To conclude, the Russians in the Persian Gulf cannot do anything because of the difference in economic structure as their economies are not similar to those of the Arab countries. In such circumstances, the Organisation for Economic Co-operation will not be formed. An entity like ECO can hold up to 10% of trade, which in the EU is over 50%. So what seems necessary is to give a clear picture of Russia. It is seeking its own interests, and Iran must be pursuing its own interests. Of course, wherever it is in our interest, we must work with the Russians and most importantly our private sector must enter.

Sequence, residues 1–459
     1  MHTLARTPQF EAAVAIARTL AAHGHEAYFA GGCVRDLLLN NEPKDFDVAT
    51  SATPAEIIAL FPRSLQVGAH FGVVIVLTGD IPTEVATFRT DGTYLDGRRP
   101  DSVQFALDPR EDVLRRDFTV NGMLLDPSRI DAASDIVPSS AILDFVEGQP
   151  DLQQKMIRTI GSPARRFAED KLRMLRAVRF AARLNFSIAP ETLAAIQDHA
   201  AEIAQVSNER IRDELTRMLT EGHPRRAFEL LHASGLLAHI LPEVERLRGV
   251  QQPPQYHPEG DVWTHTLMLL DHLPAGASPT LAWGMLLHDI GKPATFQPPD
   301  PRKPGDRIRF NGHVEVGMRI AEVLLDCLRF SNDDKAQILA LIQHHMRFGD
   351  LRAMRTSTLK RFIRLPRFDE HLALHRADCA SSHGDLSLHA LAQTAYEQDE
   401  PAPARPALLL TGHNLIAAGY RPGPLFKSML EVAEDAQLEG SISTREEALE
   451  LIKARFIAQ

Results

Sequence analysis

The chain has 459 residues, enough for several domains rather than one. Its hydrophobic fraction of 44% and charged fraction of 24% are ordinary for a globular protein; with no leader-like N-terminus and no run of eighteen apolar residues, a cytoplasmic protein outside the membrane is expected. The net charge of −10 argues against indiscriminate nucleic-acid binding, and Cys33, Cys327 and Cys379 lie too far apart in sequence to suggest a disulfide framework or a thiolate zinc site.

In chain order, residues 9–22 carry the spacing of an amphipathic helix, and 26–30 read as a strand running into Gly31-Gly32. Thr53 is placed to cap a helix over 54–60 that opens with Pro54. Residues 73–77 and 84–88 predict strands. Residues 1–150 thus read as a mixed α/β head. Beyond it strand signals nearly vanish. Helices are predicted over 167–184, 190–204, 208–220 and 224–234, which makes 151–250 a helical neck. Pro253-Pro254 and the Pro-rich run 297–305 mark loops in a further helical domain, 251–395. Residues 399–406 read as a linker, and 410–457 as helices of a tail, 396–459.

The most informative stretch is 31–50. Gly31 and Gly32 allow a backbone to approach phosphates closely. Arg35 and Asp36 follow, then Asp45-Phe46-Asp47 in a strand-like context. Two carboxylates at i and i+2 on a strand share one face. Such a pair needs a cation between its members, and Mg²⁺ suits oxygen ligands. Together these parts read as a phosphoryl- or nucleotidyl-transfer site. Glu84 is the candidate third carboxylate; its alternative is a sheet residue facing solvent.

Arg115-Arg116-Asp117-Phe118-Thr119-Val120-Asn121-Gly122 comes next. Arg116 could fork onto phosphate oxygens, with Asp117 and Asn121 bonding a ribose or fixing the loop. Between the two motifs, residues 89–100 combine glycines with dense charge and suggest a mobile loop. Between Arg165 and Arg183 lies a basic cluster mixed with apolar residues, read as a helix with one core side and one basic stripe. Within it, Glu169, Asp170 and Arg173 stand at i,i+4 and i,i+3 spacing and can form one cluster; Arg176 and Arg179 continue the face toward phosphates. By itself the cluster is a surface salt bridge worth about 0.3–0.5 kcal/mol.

Q: Finally, will Putin’s Russia fall into the hands of another man? If that happened, how would be the Iran-Russia ties like?

A: It is not likely that a powerful person like Putin would exist in Russia.  As long as this vacuum exists, Putin will remain President. One of the issues regarding Russia’s soft power is that it cannot accept anyone else. There is a view in the West that the second person should be more powerful than the chief himself. But in the east they believe that the dumbest person should be the deputy so as not to stage coup against the leader. Putin is the lifelong president.